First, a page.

Ambition is rewarded on new releases

Music Worth   Buying by Robert Kinsler

Music Worth
Buying by Robert Kinsler

The Waterboys return to winning form on the poetic “An Appointment with Mr. Yeats” while Hit Dog Hollar and Gabriel Kelley infuse the roots rock scene with a welcome sense of artistry and purpose on their respective debuts.

Artist: The Waterboys

Title: An Appointment with Mr. Yeats (Puck Records)

You might be interested if you like: World Party, Snow Patrol, Bell X1

Tell me more: There is an artistry and grandeur of scale that defines The Waterboys’ “An Appointment with Mr. Yeats,” a years-in-the-making project from frontman Mike Scott where he has set 14 of Irish poet W.B. Yeats’ poems to music. Having dreamed of completing this project since the early 1990s, Scott’s glorious “An Appointment with Mr. Yeats” was well worth the wait. Likely the Edinburgh, Scotland-spawned troupe’s best collection since 1985’s “This Is the Sea” or 1988’s “Fisherman’s Blues,” the new disc finds the ensemble blending its traditional Celtic folk and modern rock with spoken word (“Song Of Wandering Aengus”), neo-electronica (“News for the Delphic Oracle”), and mystical genre-defying territory (“Sweet Dancer”). Information: http://www.mikescottwaterboys.com/.

Artist: Hit Dog Hollar

Title: Ruckus (independent release)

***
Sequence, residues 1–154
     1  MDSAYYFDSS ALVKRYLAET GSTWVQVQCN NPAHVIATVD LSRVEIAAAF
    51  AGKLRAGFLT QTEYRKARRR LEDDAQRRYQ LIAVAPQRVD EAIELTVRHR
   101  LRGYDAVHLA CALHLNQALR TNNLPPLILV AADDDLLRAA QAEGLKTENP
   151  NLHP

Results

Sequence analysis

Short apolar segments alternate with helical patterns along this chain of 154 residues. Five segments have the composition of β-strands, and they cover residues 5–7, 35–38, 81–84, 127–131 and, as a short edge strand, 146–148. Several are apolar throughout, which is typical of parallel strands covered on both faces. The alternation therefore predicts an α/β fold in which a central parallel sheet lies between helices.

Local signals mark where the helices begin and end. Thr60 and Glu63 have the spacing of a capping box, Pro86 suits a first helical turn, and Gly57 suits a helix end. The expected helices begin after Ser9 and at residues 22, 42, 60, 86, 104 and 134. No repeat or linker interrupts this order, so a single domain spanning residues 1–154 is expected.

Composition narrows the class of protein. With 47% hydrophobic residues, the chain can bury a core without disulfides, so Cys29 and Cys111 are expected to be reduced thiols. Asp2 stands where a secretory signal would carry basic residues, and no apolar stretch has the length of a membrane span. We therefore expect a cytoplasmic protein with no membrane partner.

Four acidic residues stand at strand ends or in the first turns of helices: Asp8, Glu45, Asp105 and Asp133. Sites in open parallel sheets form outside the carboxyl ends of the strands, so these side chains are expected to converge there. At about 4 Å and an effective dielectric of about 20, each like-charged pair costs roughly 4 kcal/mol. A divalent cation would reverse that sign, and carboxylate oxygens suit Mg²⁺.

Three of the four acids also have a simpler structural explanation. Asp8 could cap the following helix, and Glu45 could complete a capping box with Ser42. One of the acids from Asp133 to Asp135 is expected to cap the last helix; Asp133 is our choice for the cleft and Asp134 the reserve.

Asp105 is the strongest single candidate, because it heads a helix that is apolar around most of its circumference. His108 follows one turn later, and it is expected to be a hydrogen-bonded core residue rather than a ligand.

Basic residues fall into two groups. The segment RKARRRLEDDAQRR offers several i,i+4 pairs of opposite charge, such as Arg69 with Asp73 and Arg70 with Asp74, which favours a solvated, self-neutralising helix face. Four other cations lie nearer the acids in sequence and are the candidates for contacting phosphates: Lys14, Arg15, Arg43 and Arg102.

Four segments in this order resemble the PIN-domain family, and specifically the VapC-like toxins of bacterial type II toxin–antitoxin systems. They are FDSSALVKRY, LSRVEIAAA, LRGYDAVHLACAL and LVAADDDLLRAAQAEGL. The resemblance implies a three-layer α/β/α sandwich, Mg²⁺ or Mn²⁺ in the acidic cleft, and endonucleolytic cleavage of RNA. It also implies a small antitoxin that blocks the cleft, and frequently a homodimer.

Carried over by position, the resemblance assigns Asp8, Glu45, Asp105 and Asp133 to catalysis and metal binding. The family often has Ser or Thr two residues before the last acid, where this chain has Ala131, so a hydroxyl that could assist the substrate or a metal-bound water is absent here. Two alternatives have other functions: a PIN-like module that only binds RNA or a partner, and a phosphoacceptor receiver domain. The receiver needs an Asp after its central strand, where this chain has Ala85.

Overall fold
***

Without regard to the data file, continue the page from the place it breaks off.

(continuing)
You might be interested if you like: Moreland & Arbuckle, The Dead Weather, Leogun

Tell me more: San Diego-based Hit Dog Hollar is not yet a household name, but soon could be. The hard-rocking four-man outfit blends hard edged Americana and blues with the approach of modern hard rock outfits such as Leogun and Band of Skulls. Singer Austin Prince has a big mighty voice, and the entire band shines on the slide guitar-anchored “The Battle of San Pasqual” and “Shenandoah,” as well as on the slower blues vibe of White Flag.” Information: http://www.hitdoghollar.com/.

Artist: Gabriel Kelley

Title: It Don’t Come Easy (Mean It or Leave It)

You might be interested if you like: Neil Young, Nils Lofgren, Jackson Browne

Tell me more: One of my favorite discoveries at the recent Stagecoach festival was singer-songwriter-guitarist Gabriel Kelley, who performed a fantastic 50-minute set on the Palomino Stage on April 28. Armed with nothing more than an acoustic guitar and a blues harmonica, Kelley is on tour in support of his new debut, the terrific “It Don’t Come Easy,” which showcases his ability to blend “Harvest”-era Neil Young songcraft with a modern day approach to mine his own emotions in the creation of powerful songs. Highlights on his new disc include the bright “Faith” where his own shining baritone is blended with Bekka Bramlett’s soprano and the piano-anchored ballad “When Is Enough.” The “Only Thing To Do” finds Kelley stepping it up with a fiery Southern blues rocker. Information: http://www.gabrielkelley.com/. 

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